In the absence of standards, the high concentration of antibiotics in pharmaceutical effluents discharged into water bodies poses a grave healthcare threat to animals and human. Of late several instances of pharmaceutical pollution across states have been reported, the recent one being of the Baddi Pharma hub of Himachal Pradesh and antibiotic pollution of the Sirsa River. The heavy trace of antibiotics ultimately infiltrates the animals and human ecosystems through the food chain and silently drive up AMR. Given that Indian pharmateucal industry’s spread across the corners of India and its expansionary outlook, the industry and the government must deliberate and formulate standards that limit the discharge of antibiotic residue into the environment. Untreated hospital’s wastewater is a heady cocktail of antibiotics and other drugs and if untreated, can be a hot spot for drug-resistant pathogens, known as superbugs. The blaNDM-1, superbug, more commonly known as the New-Delhi superbug was found in wastewater outfalls of hospitals and sewages drains of country’s capital. As expected, the concentration of superbug was much higher in the wastewater outfalls of clinical settings. Subsequently the superbug has spread over 70 countries including the pristine Artic Circle. Such instances call for pronounced wastewater surveillance along with Antimicrobial Stewardship Practices(AMSP) to prevent hospitals from turning into hotbeds of AMR.The ongoing SARCs-CoV-2 pandemic has highlighted the importance of the rapid development of vaccines and antivirals. However the potential for emergence of antibiotic resistances due to the increased use of antibacterial cleaning products and therapeutics present an additional underreports threat. Most antibacterial cleaners contains simple quaternary ammonium compounds (QACs), however, these compounds are steadily becoming less effective as antibacterial agents. QACs are extensively used in SARs-CoV-2 related sanitization in clinical and household settings. Similarly due to the danger of secondary infections, antibiotic therapeutics is increasingly used as a compound of Covid-19 treatment regimens, even in the absence of a bacterial infection diagnosis.
Improving WASH (Water, Sanitation and Hygiene) standards are the third area of concern for environmental AMR. Poor sanitation and hygiene coupled with unclean drinking water expedite the natural mutation process in microbes, thereby speeding AMR. A recent study by the University of Birmingham has revealed that poor WASH standards contribute to the uptick of AMR in countries like Bangladesh. While the sanitization and hygiene parameters have drastically improved due to the Swachh Bharat Mission in India, the coverage of the ambitious Har Ghar Nal Se Jal, scheme can play a pivotal role in arresting environmental AMR. InIndia, there has been an emphasis on improving antimicrobial stewardship practices (AMPSP) in hospitals, expanding the coverage of healthcare sites reporting data on AMR, bettering the capacity of health care professionals and focusing on R &D for discovery of new therapeutics. To address the misuse of antibiotics in aquaculture, livestock and poultry, stringent measures like the ban on Celestin, an antibiotic medication and regulating the maximum permissible limits of antibiotics and veterinary drugs have been taken.The mitigation of AMR is underpinned by protecting the health of animal, environment and human ecosystems. Seizing the importance of the issue, global and national action plans on AMR having been drawn out. Nestled in the one-Health approach, the action plans provide a framework to arrest AMR across ecosystems and it is pertinent that the policy framework is detached from a soiled approach and implementation of these policies is emphasized. To facilitate the convergence and implementation of Multi-sectorial policies, on AMR regulatory authority must be instituted. Further, separation of veterinary drugs from human medicine, regulation of animal food by a competent authority and discouraging the sale of over the-counter medication will ultimately protect against AMR in all three ecosystems. The increased use of antibacterial agents cleaners and therapeutic is anticipated to lead to novel resistance in the coming years. However the administrative efforts will fall short unless supported by industry, Civil Society organizations and the public.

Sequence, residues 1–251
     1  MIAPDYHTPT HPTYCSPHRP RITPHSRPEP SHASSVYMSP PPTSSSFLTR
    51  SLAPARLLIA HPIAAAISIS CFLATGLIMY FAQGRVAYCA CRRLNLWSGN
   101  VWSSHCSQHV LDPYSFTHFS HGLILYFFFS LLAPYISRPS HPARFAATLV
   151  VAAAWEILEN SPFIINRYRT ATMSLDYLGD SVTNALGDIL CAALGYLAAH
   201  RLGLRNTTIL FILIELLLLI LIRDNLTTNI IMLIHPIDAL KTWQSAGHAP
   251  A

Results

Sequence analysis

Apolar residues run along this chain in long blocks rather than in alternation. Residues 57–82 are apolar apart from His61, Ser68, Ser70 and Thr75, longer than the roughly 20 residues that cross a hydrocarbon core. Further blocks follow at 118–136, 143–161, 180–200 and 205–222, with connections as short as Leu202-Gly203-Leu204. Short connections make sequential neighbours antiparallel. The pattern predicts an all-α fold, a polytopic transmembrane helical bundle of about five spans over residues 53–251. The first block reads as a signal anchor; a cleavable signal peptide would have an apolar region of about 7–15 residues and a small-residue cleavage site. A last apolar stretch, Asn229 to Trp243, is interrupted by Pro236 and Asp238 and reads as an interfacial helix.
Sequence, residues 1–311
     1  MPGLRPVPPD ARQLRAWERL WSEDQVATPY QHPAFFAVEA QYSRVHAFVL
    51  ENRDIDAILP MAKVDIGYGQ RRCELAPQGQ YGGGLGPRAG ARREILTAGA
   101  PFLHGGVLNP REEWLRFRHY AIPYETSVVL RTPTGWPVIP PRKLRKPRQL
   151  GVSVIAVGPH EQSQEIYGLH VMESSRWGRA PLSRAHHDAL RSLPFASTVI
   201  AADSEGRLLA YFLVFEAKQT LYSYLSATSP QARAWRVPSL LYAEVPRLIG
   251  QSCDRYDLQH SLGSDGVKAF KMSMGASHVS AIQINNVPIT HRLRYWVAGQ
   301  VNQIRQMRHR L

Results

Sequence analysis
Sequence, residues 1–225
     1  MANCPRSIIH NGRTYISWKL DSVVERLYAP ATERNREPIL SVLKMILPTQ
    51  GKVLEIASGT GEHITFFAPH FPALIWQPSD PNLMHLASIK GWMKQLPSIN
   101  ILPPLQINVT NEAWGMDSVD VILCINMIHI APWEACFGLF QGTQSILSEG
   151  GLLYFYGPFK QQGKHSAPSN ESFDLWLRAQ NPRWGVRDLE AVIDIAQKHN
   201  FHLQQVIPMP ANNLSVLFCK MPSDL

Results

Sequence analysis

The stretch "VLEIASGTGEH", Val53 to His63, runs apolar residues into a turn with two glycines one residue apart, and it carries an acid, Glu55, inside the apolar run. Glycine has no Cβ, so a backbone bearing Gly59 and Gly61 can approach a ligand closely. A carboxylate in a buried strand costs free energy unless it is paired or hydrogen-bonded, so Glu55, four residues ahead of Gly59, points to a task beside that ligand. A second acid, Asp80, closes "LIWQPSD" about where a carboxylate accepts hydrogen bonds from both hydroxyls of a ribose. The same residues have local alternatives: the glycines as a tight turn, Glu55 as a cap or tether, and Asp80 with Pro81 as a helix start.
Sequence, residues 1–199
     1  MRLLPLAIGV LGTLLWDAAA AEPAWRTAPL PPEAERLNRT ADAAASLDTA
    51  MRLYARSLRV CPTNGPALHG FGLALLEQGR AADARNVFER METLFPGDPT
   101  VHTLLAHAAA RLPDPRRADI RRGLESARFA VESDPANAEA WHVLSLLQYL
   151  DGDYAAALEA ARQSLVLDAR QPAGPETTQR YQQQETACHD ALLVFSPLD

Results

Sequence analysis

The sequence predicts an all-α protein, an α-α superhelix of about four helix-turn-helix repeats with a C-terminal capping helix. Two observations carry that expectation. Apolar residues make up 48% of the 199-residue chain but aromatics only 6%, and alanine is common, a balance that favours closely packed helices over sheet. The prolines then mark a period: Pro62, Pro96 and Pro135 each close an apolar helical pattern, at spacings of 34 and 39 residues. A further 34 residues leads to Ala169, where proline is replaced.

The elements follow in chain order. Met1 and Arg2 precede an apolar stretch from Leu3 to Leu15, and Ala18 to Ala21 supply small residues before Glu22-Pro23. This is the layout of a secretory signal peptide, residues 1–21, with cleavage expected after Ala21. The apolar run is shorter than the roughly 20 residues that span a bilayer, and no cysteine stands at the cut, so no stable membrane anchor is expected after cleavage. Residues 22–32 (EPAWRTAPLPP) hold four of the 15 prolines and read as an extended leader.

(The writer can be reached to:[email protected])

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Imphal Times is a daily English newspaper published in Imphal and is registered with Registrar of the Newspapers for India with Regd. No MANENG/2013/51092